Politically Timed, Maharashtra Farm Loan Waiver Will Lead to More Chaos
Farmers spilling out milk on a road during their state-wide protest over various demands at Pingli Village in Parbhani, Maharashtra (File/PTI)
Nagpur: The devil is in the detail. And the details aren’t clear when it comes to Devendra Fadnavis-led Maharashtra government’s grand announcement for a farm loan waiver on June 11. In the face of protests by the peasants across the state for 10 days, the announcement helped in restoring peace, but the nature and scope of this decision is not yet clear.
The details aren’t yet worked out. Looks like the state government will form two committees to: 1) decide the quantum of loan-waiver to limit its bill, and 2) determine the eligibility criteria for the farmers to avail the benefits of this sop. So, it will take some time before we know the details.
The June 11 agreement between the representatives of farmers and a ministerial group led by Minister of Cooperation Chandrakant Patil had three operative words: that it was “in-principle” (tatvataha) agreed to give a “complete” (sarsakat) loan waiver to the farmers in lieu of certain “criteria” (nikash). As former Union agriculture minister Sharad Pawar quipped while welcoming the decision: “I am curious about those three words.” The entire peasantry of the state is.
We will know the meaning of these words when the committees will deliver their reports whenever they are forked out to determine the extent and nature of the waiver. The government says it wants to target small and marginal farmers, who it terms as real farmers in trouble. It wants to keep out the rich farmers from this scheme. We will know who is poor and who is rich in the official lexicon when details are out.
The immediate challenges
Maharashtra has 13.6 million farm households, of which 10.06 million are small and marginal (with less than 2 hectare holding). Nearly 9 million farmers get bank loans or are covered by the formal net — this figure went up significantly after the 2008 complete loan waiver by the then UPA government.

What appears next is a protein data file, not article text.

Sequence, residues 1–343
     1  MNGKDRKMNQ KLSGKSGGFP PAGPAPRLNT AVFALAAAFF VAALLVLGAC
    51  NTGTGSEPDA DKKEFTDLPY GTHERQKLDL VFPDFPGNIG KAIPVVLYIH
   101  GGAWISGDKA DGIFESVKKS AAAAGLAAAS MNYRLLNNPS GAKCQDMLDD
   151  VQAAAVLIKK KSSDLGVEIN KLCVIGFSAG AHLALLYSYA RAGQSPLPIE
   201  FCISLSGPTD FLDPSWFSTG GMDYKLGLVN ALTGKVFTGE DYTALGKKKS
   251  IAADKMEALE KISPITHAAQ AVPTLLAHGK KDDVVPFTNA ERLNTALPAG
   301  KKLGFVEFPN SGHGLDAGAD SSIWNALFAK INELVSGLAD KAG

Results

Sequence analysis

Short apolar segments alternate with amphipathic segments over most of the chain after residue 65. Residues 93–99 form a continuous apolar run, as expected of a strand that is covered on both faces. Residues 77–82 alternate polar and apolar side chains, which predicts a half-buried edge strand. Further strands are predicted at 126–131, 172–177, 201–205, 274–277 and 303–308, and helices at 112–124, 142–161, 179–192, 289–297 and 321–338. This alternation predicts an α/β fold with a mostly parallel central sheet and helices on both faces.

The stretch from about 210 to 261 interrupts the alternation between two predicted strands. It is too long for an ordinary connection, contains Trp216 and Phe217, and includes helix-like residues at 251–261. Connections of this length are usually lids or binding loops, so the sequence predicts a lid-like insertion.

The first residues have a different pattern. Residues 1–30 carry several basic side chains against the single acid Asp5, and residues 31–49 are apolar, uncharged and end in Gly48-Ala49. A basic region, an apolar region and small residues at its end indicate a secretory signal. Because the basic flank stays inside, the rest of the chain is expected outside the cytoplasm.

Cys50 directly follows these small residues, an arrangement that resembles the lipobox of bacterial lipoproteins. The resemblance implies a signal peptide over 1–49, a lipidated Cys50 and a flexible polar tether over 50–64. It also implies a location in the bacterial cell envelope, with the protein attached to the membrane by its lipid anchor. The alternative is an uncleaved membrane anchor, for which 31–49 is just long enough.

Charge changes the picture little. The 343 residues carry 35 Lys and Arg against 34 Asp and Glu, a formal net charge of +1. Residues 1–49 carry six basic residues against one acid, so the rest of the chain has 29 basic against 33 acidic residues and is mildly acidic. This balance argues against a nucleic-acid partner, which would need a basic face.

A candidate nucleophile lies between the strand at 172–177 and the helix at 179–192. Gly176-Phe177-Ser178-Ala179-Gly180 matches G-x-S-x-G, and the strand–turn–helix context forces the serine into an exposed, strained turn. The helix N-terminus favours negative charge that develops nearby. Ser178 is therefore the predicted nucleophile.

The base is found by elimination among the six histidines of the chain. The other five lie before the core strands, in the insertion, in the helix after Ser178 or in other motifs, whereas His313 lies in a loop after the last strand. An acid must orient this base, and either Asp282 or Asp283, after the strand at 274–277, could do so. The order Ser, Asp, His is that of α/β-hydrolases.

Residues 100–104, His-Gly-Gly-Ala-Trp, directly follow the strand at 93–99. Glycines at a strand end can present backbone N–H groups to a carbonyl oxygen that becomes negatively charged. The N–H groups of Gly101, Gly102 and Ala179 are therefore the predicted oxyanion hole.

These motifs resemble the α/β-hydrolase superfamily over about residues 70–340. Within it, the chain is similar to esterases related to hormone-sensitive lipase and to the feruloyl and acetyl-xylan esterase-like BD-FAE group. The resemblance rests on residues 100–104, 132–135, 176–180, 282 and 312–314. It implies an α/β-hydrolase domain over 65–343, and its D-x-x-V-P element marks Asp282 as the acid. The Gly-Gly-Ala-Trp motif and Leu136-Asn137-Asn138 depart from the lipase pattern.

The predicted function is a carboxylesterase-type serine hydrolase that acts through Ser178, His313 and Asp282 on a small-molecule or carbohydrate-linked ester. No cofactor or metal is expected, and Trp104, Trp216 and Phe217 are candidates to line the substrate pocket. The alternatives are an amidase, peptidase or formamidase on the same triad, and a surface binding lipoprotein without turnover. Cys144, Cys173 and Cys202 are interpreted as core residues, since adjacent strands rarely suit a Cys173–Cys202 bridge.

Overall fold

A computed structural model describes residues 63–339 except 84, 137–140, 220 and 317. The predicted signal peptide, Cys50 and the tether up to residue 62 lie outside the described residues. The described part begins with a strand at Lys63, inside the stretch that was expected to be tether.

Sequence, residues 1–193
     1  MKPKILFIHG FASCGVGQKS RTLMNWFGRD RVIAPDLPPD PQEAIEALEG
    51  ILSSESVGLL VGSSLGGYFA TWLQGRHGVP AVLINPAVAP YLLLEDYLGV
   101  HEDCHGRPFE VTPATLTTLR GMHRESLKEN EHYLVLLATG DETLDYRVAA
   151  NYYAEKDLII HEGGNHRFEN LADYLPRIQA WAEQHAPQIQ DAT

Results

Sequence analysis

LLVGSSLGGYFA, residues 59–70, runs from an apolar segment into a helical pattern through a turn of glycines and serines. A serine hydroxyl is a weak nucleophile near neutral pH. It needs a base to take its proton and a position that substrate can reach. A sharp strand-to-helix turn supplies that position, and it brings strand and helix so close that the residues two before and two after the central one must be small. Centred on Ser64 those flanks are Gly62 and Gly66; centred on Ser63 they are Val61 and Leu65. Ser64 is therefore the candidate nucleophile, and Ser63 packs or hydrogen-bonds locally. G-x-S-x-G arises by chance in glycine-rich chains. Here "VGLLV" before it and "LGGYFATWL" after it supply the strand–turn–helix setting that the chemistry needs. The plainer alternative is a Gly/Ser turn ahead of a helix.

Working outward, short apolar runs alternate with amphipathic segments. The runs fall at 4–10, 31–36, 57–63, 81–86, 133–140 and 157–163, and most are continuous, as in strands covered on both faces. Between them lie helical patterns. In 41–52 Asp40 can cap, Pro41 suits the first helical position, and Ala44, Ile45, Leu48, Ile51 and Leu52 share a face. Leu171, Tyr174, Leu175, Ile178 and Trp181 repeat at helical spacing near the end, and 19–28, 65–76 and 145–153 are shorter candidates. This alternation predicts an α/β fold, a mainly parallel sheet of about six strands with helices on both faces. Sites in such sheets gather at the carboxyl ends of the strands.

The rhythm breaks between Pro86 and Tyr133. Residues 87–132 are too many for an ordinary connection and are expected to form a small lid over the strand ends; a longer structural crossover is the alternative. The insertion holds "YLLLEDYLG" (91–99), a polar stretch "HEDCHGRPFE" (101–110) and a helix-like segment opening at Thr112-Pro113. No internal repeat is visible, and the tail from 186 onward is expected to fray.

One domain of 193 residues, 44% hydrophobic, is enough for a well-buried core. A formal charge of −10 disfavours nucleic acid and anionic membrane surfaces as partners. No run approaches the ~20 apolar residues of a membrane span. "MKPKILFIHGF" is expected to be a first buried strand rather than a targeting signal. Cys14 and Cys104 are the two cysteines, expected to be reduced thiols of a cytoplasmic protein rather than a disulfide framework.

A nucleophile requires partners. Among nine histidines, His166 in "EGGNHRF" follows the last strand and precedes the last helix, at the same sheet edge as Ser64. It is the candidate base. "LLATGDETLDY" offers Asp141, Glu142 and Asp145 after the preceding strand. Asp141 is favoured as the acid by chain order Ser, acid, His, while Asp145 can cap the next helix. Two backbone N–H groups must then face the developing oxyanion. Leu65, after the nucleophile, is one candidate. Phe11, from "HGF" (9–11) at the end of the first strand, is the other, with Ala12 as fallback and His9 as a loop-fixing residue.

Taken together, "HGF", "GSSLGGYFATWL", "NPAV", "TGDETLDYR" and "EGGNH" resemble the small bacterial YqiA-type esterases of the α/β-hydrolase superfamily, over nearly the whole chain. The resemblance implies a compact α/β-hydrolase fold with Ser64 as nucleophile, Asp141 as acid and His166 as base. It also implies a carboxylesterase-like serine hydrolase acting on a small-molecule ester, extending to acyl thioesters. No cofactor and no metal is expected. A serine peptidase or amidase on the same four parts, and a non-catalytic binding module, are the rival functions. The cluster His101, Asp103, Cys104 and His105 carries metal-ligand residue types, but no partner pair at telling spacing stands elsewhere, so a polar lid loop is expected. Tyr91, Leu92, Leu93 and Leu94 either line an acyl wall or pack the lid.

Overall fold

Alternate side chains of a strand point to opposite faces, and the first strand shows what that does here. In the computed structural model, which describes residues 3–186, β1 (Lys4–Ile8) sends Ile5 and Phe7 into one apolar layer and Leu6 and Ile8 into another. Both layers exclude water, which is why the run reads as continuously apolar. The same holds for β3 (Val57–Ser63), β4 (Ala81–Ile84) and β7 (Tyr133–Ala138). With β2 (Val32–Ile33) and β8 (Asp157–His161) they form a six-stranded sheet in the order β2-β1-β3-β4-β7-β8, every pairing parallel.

Yet, since 2012, nearly 3.5 million farmers — mostly from dryland belts of Marathwada and Vidarbha — have defaulted on loan repayment due to successive years of drought and crop failures.
As of March 2017, the total agriculture loans in the state — which include of crop loans — advanced by the banks are pegged at Rs 135,000 crore, as per the data of the department of cooperation.
The unpaid debt is to the tune of Rs 31,000 crore, or almost four times the loans that the Maharashtra farmers had got waived in the 2008 scheme, which was doled out by the UPA-I. We don’t know the private debts of the farmers, and in any case, like in 2008, such loans would remain out of the government’s purview. To that end, any amount of formal loan waivers would not help ease the informal loan burden on farmers.
Fadnavis has bitten the bullet, but must face at least two immediate economic consequences:
First is the crop loan disbursement for the impending kharif season. Monsoon is here and sowing has begun in many parts. Who will lend the money to farmers, both, the old defaulters and the others who are not going to repay the previous year’s loans in the wake of the June 11 total loan waiver announcement?
Over 3 million farmer households who are the loan-defaulters since 2012 would still have to borrow from private or informal sources. They are being told by the government that their bank loans stand waived with immediate effect as of June 12, 2017 and that they can avail fresh loans.
It will lead not just to confusion but also chaos in a few days when they start queuing up outside the banks for fresh crop loans.
Cooperative banks are in tatters post-demonetization — the Reserve Bank of India hasn’t exchanged the old notes that the district central cooperative banks collected in the early days of demonetisation.
Central public sector banks will say they can’t restructure old unpaid loans without an official order. The order must come from the Centre or the RBI. The Centre says it’s not game for a waiver. The RBI holds that the loan-waivers are financial imprudence. The states may guarantee reimbursement. But when? And how?
The chaos is on cards, and the state’s entrenched bureaucracy knows it. Even Fadnavis is aware of it. How does it stem this mayhem-on-cards and potential confusion would remain to be seen.
The other big challenge before the Fadnavis government is to raise the resources to foot loan waiver as and when it gets executed. The Union finance minister, Arun Jaitley, made it amply clear on June 12 that the respective states would have to dig into their own kitties to foot the loan waiver bill. The Centre won’t give any aid.